by Larry Stern
My career began innocently on a winter’s day in 1959. The evening newspaper delivery boy had broken his leg and The Indianapolis Times needed someone from the neighborhood to pitch in while he recovered. I raised my hand, and in an instant I had 80 customers expecting no disruption in the delivery of their evening newspaper.
What was to be only a few months’ work turned into a permanent gig lasting five years until the paper folded. Paperboys had ticket books for each week and would go to each household, collect the week’s subscription fees, and give the subscribers a ticket from the book, with follow-up work to count the money and keep a record of who was current or behind in their payments. The area distribution manager would then meet the paperboys on Saturday at the local drugstore to collect the proceeds.
As I got older, I offered to cut grass for my newspaper customer base during the summer months, which proved to be a lucrative endeavor with tips often received and greatly appreciated. As I approached driving age, my business profits proved to be a good source for movie and date money. The lawn service continued through my junior year in high school.
Next, off to college to become an actuary. Yes, at the tender age of 16, I knew I wanted to become an actuary. I was always good in math and my father was an accountant. My high school guidance counselor gave me a booklet that listed math careers in alphabetical order. First was “accountant”; next was “actuary”; I don’t know what was next. The actuarial career interested me. In the 1960s, actuaries were the focal point of insurance companies and their management teams. It took 10 exams to become part of the insurance world. I was fortunate to live in a city with access to many actuaries working for life insurance companies. Through connections, I talked to a few and became convinced that this was the career for me, and so I was off to college to become an actuary.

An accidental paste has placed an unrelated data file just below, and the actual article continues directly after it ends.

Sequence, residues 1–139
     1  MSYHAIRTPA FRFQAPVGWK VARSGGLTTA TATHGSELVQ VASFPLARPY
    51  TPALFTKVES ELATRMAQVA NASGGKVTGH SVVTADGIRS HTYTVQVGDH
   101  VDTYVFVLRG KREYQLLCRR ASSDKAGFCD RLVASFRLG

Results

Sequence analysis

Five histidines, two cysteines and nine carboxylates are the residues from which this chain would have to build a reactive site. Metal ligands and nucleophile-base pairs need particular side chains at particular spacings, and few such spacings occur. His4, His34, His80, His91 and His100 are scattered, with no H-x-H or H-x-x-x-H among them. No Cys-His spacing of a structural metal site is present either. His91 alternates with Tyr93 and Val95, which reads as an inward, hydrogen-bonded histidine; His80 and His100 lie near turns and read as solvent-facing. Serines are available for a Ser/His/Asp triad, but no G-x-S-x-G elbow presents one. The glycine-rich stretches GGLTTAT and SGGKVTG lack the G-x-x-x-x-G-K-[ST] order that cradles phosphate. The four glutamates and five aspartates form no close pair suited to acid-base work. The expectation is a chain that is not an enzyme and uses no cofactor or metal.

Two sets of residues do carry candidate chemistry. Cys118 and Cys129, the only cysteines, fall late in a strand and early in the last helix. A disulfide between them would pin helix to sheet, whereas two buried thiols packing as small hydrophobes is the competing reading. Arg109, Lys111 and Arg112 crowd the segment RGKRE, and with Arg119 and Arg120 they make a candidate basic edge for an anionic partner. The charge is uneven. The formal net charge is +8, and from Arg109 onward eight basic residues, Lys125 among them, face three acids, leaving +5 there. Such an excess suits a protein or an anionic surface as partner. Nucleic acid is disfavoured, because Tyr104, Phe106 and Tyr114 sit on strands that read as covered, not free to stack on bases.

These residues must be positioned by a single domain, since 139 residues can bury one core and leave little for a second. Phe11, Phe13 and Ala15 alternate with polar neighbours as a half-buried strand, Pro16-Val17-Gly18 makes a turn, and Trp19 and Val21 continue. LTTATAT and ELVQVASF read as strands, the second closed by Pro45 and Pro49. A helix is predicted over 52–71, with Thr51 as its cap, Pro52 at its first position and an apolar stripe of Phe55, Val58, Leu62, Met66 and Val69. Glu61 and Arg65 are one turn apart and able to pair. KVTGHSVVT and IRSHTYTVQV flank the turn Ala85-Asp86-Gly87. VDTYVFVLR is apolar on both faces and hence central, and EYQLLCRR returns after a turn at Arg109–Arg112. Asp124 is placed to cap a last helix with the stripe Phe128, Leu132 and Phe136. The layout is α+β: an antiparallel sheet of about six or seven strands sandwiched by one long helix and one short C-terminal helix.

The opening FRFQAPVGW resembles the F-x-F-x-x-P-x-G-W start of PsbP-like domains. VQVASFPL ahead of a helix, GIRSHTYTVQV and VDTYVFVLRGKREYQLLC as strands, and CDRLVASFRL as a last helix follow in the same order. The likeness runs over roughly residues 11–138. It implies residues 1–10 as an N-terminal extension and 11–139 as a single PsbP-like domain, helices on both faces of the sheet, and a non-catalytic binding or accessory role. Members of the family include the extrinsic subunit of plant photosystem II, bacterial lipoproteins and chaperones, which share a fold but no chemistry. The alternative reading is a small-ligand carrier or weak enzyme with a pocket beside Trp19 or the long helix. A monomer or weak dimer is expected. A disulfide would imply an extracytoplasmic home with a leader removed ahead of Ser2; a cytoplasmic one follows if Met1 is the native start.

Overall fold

I learned that actuaries were primarily math majors who usually found their way into the profession via insurance companies. This path was not for me. Actuarial science is applied mathematics. At the time I entered college, math was geared toward theory. Back then, actuarial exams didn’t necessarily care how you got the answer, only that you got the correct answer quickly. My own collegiate path was to obtain a business degree from Indiana University (IU) with math electives to prepare for actuarial exams, a somewhat unorthodox approach for the late 1960s but a precursor of how students would become actuaries in the future. If the business school also included insurance and risk management courses, even better.
Local actuaries had mentioned the possibility of working as a summer student while in college. A week before classes finished during my junior year, I received a call asking if I was interested in summer work. I was. The caller asked, “Do you play golf?” I said “yes.” He explained that he needed a student to keep the stats for the company’s golf league, and invited me to come to work the Monday that classes were over. He also mentioned that the golf league met Tuesday nights after work.
It proved to be a great summer. I did nothing but work on whole life products. First I calculated asset shares on an existing product. The company was a mutual insurer and the actuaries wanted to propose a change to the dividend scale. The calculator was a Smith-Corona Marchant (SCM), big, clumsy and noisy. You entered numbers by pushing buttons and then hit a key. The SCM would spin like a one-armed-bandit. After a few seconds the answer would appear. No computers in those days. This went on day after day for a month. Under the careful eye of my boss, the VP and chief actuary, I learned about the principles of mutuality. The results of the asset share calculations led to how much surplus could be allocated to dividends. The actual dividends were derived from a three-factor formula to which I could apply my knowledge of calculus.